Wikipedia defines a co-op (short for cooperative) as an ‘autonomous association of persons united voluntarily to meet their common economic, social, and cultural needs and aspirations through a jointly-owned and democratically-controlled enterprise.’ I’ve mostly seen the model applied to health food stores and housing. Now DJ Envy and Red Café have applied it to hip hop.
Or not. Other than the fact that this album is a cooperative effort between DJ Envy and Red Café, there isn’t anything here that has anything in common with whole foods or shared housing. Still, as a duo, Envy and Red work together nicely. Envy supplies a steady supply of glossy, New York beats for Red to work with. Standout tracks include the bumping synths of “What It Be Like,” the 80s bounce of “What It Do,” featuring a verse by Remy Martin, the reggae of “Ghetto Children,” and the Neptunes-lite of “Dolla Bill.” He also misfires a few times, like with the melodramatic synths on “Move Like A G” and the uber-cheesy “Shakedown 4 Life.”
While Envy sets up some nice shots, Red Café doesn’t always get it in the basket. He is of the Lil Wayne school of hip hop, i.e. rappers who rap about the same old gangsta bullshit with enough originality and wit to make it sound good. Unfortunately, Red Café isn’t quite as original or witty as Weezy. Listening to him rhyme, I could understand both why he has made such a splash on the mixtape scene , and why he has been shuffled around between three or four record labels. He’s got skills, but he’s not always, shall we say, maximizing his full potential. He’s pulling punches, rapping about the same tired shit when he should be taking it to another level. Take “Invincible,” which has a ridiculous chorus:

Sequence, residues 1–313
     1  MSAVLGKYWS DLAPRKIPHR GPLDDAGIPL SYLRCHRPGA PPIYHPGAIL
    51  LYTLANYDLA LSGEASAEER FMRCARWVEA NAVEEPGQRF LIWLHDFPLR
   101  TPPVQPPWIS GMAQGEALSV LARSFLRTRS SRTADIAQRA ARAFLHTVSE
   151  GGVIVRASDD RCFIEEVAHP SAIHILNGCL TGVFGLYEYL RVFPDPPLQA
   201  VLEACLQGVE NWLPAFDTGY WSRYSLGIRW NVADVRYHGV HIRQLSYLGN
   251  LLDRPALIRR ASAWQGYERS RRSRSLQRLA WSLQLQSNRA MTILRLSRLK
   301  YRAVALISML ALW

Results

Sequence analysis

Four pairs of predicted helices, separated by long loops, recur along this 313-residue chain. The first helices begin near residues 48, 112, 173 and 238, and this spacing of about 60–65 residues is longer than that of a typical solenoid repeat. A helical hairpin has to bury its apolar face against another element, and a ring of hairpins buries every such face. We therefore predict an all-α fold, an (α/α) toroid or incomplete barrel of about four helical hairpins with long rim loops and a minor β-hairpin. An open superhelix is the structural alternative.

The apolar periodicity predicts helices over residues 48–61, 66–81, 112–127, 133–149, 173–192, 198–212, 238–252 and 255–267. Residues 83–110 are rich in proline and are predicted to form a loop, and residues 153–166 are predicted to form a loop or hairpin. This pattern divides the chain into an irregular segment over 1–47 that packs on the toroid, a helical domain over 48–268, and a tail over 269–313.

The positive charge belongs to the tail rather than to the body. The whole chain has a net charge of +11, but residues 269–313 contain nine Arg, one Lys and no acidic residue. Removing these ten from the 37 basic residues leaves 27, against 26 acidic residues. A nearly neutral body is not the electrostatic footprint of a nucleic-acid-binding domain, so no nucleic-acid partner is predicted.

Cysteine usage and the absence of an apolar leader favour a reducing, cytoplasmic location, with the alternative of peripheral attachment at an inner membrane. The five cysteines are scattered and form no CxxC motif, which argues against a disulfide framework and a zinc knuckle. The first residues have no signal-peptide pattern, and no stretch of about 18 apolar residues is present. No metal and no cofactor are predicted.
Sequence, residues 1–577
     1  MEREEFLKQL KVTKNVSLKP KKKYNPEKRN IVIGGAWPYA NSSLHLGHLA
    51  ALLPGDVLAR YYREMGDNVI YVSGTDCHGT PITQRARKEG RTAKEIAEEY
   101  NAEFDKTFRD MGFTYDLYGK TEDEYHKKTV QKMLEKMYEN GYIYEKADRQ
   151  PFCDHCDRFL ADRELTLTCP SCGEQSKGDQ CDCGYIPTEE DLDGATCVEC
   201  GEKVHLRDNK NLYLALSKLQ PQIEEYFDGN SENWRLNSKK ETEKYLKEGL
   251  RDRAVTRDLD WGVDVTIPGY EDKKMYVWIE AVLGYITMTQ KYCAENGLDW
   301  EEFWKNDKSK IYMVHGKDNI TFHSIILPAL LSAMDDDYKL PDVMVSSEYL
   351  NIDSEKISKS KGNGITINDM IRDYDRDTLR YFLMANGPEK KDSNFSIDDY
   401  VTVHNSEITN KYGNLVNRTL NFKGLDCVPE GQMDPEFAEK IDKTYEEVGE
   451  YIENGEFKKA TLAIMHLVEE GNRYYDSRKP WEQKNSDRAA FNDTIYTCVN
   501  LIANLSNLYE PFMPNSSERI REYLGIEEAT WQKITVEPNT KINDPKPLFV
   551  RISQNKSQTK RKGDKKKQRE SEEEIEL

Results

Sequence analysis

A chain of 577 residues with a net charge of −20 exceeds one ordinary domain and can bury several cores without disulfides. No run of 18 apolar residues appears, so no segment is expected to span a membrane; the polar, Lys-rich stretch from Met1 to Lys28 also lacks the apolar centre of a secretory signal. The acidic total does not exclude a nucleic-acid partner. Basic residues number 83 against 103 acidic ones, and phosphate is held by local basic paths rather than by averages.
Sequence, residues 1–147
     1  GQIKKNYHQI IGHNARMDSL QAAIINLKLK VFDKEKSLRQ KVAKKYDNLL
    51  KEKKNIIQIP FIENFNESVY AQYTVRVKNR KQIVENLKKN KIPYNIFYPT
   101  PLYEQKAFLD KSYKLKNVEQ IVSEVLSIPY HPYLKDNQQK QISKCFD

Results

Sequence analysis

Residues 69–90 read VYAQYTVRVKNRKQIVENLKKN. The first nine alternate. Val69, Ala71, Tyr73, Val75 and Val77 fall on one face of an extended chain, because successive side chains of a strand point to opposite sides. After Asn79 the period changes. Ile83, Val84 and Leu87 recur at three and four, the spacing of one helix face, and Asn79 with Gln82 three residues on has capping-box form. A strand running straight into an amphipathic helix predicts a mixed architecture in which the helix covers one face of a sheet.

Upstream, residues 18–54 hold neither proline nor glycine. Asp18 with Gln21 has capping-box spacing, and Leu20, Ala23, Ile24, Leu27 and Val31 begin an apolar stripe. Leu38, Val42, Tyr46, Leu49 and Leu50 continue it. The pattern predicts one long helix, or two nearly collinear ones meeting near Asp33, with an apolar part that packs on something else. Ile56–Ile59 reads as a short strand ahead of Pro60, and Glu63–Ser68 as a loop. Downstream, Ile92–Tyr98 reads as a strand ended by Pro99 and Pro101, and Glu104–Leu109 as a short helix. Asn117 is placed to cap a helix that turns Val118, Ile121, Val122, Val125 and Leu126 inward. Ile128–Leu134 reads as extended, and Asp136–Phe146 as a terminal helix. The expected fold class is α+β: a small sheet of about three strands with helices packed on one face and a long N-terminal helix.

Never let a nigga get the best of you
Always keep a chopper next to you
You know, .38 Spesh-u-al
Let it go like (Pow Pow Pow)
Let it go like (Blau Blau Blau)”
Red Café also frequently indulges in that dubious but popular rhyming style where you just repeat a word or phrase as a rhyme:
“Ocean 11 motion, loking toting Mac 11
Poke him both him and his unborn son
Arm and Hammer man
Shoot first when I bang I’m the last to run
Matter fact, can’t remember when last I run
When last I ran
I rather blam
My hood more like Afghanistan
Goddamn it man”
The major problem with this album can be summed up by the skits, which chronicle the life and death of MC Death Murder Homicide, a rapper who comes off tough on his records but is in fact a total dork who loves Justin Timberlake. The first skit is funny, and I was thinking, ‘OK, Red Café is commenting about how wack gangsta rappers are, and how lame it is to rap about violence.’ However, the Death Murder Homicide trilogy ends with the MC being killed by Red Café for lightly dissing him. I realized that what Red Café was REALLY trying to say with the skit is that phony MySpace gangsta rappers are wack, because they don’t really come from the streets like he does. I’s an unconvincing argument, and makes for some unconvincing rhymes.
“The Co-Op” has some good beats and some decent rhymes, but I think that Red Café can do better than this. I respect that he comes from the streets and wants to use that in his lyrics, but he needs to find a more original and creative way to leverage being shot and being in prison. As it stands, on “The Co-Op” he just sounds like a million other rappers doing the same thing, backed by beats that are good, but not good enough to truly stand out.